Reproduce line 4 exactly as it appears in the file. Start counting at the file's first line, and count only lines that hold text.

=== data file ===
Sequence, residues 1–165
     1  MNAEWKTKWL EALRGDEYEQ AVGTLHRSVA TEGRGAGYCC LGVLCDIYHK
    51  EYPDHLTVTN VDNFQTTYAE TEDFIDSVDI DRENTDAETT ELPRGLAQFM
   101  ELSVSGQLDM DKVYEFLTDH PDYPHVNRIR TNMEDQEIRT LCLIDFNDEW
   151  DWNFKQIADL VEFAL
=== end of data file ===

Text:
   101  ELSVSGQLDM DKVYEFLTDH PDYPHVNRIR TNMEDQEIRT LCLIDFNDEW